February 23, 2010 2:00 pm
Lucille Clifton Dies
Clifton taught at the College from 1989-2007. She served as St. Mary’s Distinguished Scholar of Humanities and as the Hilda C. Landers Endowed Chair in the Liberal Arts. During her time at the College, she inspired many students and faculty members with her quiet friendly nature and inspiring works.
“We all knew Lucille as a dedicated teacher and as a beloved presence at the College. What’s not so well known, I think, is how shy she was. For many years my office was next door to hers, and when she wasn’t meeting with students, she played Solitaire on her computer. For me, that image sums up Lucille as a colleague: quiet and frequently alone, but always available,” said Reeves and English Professor Jeff Hammond.
As an internationally acclaimed poet, Clifton wrote several collections of poetry and won several awards. In 1969 Clifton’s first collection of poems, Good Times, was published and acclaimed by the New York Times, as one of the best books of the year. Clifton’s collection Blessing the Boats: New and Selected Poems 1988-2000 won the National Book Award; The Terrible Stories (1995) was nominated for the National Book Award; Good Woman: Poems and a Memoir 1969-1980 (1987) and Two-Headed Woman (1980) where both Pulitzer Prize nominees and the latter was a recipient of the University of Massachusetts Press Juniper Prize.
Clifton was also the recipient of an Emmy Award form the American Academy of Television Arts and Sciences, a Lannan Literary Award, two Fellowships from the National Endowments for Arts, the Shelley Memorial Award, the YM-YWHA Poetry Center Discovery Award, the 2007 Ruth Lilly Prize, and in elected a Chancellor of the Academy of American Poets in 1999.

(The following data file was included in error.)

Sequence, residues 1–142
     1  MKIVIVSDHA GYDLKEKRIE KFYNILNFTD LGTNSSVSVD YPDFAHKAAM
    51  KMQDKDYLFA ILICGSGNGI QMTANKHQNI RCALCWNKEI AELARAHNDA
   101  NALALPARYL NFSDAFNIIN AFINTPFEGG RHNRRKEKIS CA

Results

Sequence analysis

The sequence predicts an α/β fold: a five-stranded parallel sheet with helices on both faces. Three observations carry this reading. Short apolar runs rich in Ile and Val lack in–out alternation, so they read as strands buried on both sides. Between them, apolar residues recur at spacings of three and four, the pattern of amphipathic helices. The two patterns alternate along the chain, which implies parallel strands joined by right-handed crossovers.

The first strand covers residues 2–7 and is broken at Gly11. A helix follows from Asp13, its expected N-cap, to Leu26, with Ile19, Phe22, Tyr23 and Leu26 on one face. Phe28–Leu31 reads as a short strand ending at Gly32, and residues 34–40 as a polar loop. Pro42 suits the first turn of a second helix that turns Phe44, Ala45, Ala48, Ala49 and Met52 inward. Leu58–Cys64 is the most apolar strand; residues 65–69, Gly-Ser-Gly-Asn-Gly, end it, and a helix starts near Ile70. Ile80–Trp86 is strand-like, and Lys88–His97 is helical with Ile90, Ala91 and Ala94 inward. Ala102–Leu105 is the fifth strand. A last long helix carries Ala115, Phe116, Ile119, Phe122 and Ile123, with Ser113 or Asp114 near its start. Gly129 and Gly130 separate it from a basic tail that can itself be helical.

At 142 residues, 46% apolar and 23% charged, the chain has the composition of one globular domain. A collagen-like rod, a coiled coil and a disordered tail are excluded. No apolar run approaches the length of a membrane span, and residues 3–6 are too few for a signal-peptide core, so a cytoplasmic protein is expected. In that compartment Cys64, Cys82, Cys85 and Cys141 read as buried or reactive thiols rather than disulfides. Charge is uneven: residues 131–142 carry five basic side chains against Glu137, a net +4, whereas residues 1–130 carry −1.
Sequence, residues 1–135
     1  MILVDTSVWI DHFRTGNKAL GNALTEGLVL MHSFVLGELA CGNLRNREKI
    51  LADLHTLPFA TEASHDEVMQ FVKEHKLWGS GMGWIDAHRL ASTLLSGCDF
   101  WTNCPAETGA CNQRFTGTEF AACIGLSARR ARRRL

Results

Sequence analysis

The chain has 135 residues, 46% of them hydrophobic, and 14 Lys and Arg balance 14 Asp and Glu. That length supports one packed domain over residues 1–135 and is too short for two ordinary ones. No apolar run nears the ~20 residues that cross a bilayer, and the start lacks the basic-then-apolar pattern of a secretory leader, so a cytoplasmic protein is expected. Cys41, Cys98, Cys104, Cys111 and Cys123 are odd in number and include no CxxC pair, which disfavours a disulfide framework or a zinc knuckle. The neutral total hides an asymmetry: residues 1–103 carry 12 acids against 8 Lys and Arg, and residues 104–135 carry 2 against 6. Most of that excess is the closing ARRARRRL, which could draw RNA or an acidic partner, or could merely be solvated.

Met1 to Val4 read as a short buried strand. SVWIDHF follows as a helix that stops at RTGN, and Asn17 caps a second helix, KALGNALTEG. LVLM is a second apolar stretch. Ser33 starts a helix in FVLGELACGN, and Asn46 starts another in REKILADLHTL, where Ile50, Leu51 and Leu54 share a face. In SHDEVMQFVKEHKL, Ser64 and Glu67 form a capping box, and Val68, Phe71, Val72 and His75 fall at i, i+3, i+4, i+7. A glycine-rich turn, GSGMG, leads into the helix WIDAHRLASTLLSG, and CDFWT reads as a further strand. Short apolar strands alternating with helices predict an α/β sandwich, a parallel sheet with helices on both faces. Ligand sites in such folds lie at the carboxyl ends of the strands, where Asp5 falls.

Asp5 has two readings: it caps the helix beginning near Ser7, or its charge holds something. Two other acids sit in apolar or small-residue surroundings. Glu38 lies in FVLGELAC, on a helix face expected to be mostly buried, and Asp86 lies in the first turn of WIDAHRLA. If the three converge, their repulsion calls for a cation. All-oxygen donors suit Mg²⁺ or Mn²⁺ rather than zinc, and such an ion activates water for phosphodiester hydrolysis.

Besides writing poetry, Clifton wrote several children’s books and a memoir during her career. She also taught for most of her life while continuing her writing. Clifton’s poetry was known for having possessing her distinct voice as a mother and an African American woman and while many remember her poems as beautiful works that changed many lives, they also remember her as a wonderful woman full of life.
“What I remember most about Lucille is her laugh—how you could hear it even down the hall, a laugh from the belly’s bottom, one that shook smiles from all who heard it. Lucille knew joy, understood how vital joy is to everyday living. And it’s her moments of joy, both quiet and full of loud noise, that continue to shake me through the words of her poems,” said English professor Jennifer Cognard-Black.
Michael Glaser, Professor Emeritus of St. Mary’s, a former poet laureate of Maryland and friend of Clifton’s, praised Clifton as a wonderful poet and human being who would be missed by all that knew her.
“Those of us who were fortunate enough to know her have been blessed that the paths of our lives have intersected and been nourished by the path of Lucille’s life,” he said. “We are sustained by the gifts we have received and the gifts we have given, and we take comfort in the fact that her wisdom, her heart, her humor, and her love live on in the legacies that are stored in our memories and in her poetry. Even in our aching, we glow with the light that was Lucille.”
A public memorial for Lucille Clifton will be held in Montgomery Hall 125 on April 10, at 7:30 p.m.